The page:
Sunday, April 16, 2006

Free Trade - Free Movement

[[Update May 21, 2006 ... Check out my new blog address at WordPress (]]

Last week, on one of his 'Closer' segments for the Hour (I think it was Thursday), George Stroumboulopoulos talked about the new ID cards being implemented for cross-border travel between Canada and the US. He mentioned how its important to control borders and have tight, strong security, and essentially, he seemed to throw his support behind the new ID Cards, and rigorous border controls that tightly monitor who comes in and out.

I think having a passport, or some form of travel document is a necessary evil in the modern world. Its important to know who we are when we travel. But as he was talking about controls at the US border, it struck me that one of the things that was so liberating about my trip to Europe last summer was being able to travel around essentially without restriction.

Canada and the US supposedly have an 'undefended' border, and for many years, we've touted the friendly 'drivers license' relationship we have with each other's citizens. None of that prepared me for the ease and fluidity of moving between countries in Europe. I didn't think about Visas or destinations a single time, and had I chosen to stay in Western Europe, I might not have even known I was changing countries. When I drove from Frankfurt to London and back in 1997, the only border controls I encountered were at the Chunnel on the way to London, and at Dover Ferry on the way back to Frankfurt.

Because I chose to go to the Czech Republic, and then on to Poland, my overnight train rides were interrupted by border guards. But I barely remember the experiences, doing nothing more than show my passport to a guard through a train car door. I went from Munich to Prague, then Prague to Warsaw, and back to Munich again, easier than many Canadians can travel to the US. It was certainly easier than traveling to Mexico or other countries in the Americas.

There were many things about the logistics of that trip to comment on ... the incredible passenger rail service in Europe is certainly one ... but ease of travel between countries is certainly worth writing home about, on a trip to Europe. I think we in North America need to learn something from the European Union, and its satellite countries.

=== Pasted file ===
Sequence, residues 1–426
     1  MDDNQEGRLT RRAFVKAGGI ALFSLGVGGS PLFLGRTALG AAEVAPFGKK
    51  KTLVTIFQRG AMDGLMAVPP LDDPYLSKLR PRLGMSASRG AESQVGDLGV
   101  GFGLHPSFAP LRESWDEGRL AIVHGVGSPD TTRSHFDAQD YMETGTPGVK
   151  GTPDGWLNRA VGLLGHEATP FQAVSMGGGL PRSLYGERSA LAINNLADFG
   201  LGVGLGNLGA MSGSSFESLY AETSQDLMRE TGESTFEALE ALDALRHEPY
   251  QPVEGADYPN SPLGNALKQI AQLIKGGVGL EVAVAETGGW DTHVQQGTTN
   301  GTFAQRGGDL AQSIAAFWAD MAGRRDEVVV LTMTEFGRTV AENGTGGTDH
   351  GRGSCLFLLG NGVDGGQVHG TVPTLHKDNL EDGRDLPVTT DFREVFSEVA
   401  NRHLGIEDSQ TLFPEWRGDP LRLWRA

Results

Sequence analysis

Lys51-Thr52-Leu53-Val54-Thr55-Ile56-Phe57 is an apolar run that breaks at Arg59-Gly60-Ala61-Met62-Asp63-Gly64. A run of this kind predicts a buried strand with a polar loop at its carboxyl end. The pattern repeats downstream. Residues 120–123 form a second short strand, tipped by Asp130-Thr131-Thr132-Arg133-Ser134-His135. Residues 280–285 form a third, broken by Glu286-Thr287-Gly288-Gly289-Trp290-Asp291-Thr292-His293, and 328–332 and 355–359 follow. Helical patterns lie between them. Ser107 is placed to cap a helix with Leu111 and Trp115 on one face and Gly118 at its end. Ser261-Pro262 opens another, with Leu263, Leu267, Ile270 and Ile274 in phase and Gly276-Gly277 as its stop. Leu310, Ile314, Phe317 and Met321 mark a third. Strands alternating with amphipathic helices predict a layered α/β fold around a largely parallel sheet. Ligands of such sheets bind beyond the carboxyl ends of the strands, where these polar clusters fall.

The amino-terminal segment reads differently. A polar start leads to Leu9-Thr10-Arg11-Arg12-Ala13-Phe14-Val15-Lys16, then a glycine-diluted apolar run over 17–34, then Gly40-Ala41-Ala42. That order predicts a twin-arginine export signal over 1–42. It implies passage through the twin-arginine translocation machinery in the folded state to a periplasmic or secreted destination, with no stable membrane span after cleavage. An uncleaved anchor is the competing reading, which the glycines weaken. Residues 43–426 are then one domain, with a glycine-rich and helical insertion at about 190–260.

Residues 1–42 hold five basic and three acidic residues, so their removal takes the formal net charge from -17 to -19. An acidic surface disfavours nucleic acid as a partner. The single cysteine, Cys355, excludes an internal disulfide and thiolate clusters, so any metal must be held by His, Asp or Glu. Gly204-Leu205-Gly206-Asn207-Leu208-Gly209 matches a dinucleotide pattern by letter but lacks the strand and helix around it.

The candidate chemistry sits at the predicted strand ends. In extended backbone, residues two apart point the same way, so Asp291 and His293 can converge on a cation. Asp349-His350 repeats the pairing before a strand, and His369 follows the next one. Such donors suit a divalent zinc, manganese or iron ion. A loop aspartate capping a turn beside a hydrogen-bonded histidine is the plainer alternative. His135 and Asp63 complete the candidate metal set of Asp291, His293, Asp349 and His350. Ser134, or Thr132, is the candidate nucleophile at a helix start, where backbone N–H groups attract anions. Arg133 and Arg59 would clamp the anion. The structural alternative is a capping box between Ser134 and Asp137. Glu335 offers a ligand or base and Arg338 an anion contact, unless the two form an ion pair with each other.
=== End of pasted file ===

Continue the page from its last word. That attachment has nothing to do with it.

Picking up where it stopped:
We talk a lot about free trade in North America, the free movement of goods and production in the Americas, and that's ONE of the things the EU is about. But North Americans only take it half way. Like I said in my recent bit quoting David Frum and the Wall Street Journal, with free trade comes free labour as well ... the EU recognizes that, but we seem to want to stick our heads in the sand.

There are many reasons to embrace more free movement of people around the world, and especially within contiguous geographic regions. Economics and tourism are only two reasons, and more become apparent as the policy is implemented on the ground. I do know that one of the joys of my trip through Eastern Europe last year was simply how easy it was to get from one place to the next. We could learn from that, IMO.


At 7:15 p.m., Anonymous D Rogers said...

There already are internationally-recognized documents for travel. They are called passports.

So what is the big deal? If the USA wants documents, then get a Canadian passport. My only suggestion would be for Canada to make its passports valid for 10 years instead of 5.

What we DON'T want is any kind of national identity card that every citizen must carry. They can become tools of repression. A police officer demanding to see my identity card if I am taking a stroll in my neighbourhood park at night, for example.

We must not compromise our civil liberties because of the hang-ups of the United States

At 7:17 p.m., Anonymous D Rogers said...

This comment has been removed by a blog administrator.

At 7:21 p.m., Blogger Elron said...

I agree with that, and I agree with 10 year passports. Thanks very much for the comment :)


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